I don’t care what anyone says. There is no such thing as a “natural born leader.” Leaders are made. Leadership is taught in the school of hard knocks.
Allow me to illustrate.
As a young Ensign fresh out of Surface Warfare Officers School (SWOS), my brain was stuffed full of theory, diagrams, and rules. I was raring to get on with it.
One of the theories pounded into our heads was to rely on the Chief. He would train me and keep the division running smoothly.
Except we didn’t have one.
So I did what junior officers have done since the beginning days of our Navy. I made about a million mistakes, all by myself.
One of them had to do with football.
The ship had a flag football team, and the games were a good way to burn off some steam and get some exercise. Most of the players were enlisted Sailors, and in the huddle they always called me, “Mr. Bacon.”
“Mr. Bacon, you go long. Mr. Bacon, you block.”
Confident in my weeks of experience as a Naval Officer, I told them, “Hey, on the field, call me Jeff.” And they did. Somewhere in my fading memories of SWOS was the stern warning to maintain your rank. The Chain of Command exists for a reason.
What a bunch of hooey. I could handle it. Besides, I didn’t want them to think I was a jerk.
From then on, while we were on the gridiron, we were all one team. No ranks, no wardroom – just a group of buddies playing football. On the ship, we put the uniforms back on, and order was restored.
Until one day on board the ship, as I bent over the drinking fountain, one of the players leaned over and quietly said, “Hi, Jeff.” I froze there, the stream of water quietly splashing off my chin. The familiarity of the playing field had leaked aboard.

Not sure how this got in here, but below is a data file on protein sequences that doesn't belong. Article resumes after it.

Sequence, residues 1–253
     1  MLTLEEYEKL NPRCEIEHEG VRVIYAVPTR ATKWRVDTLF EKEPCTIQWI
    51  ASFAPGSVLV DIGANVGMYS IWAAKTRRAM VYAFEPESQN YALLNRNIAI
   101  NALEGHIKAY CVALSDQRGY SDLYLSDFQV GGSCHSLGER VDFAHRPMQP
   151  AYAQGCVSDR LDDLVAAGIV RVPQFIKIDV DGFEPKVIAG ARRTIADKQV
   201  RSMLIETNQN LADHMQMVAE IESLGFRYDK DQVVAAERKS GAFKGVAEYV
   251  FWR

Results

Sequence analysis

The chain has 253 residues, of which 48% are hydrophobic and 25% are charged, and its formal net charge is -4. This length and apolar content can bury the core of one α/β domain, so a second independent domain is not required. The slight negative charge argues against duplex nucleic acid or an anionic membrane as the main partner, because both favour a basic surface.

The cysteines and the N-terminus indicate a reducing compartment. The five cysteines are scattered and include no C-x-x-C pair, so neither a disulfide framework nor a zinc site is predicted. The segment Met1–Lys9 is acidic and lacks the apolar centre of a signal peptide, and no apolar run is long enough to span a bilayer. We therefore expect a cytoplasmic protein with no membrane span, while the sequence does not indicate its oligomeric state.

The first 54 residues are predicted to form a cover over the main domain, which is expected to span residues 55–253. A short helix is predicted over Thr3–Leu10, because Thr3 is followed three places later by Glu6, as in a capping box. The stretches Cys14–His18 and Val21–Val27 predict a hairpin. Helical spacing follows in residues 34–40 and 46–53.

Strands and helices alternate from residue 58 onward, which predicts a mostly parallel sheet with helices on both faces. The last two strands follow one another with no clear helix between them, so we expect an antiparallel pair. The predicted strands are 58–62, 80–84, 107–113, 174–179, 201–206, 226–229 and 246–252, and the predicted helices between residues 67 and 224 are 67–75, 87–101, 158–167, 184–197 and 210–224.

I was at a Terminator moment.
I could see the future. More and more Sailors would call me by my first name. Instead of “being tough but fair”, I would just be “that jerk Jeff”. Unpopular decisions would be taken personally. The Captain would eventually find out, I would be counseled and maybe even brought up on charges of fraternization. Then one day machines would rule the world and try to wipe out the human race.
I had to do something. I had to go back in time and make things right.
Swallowing my hubris like a half-chewed piece of steak, I announced to the team that forever more I must be referred to as, “Mr. Bacon.”
I could see it in their eyes. They thought I was a jerk.
So don’t tell me leadership comes naturally. It has to be learned. It has to be shoved down your throat. You have to be hit between the eyes with the sledge hammer of experience every once in awhile before it starts to sink in.
And one day, after the pain subsides, after the humiliation has faded and the scars have healed, you will finally have earned the title of natural born leader.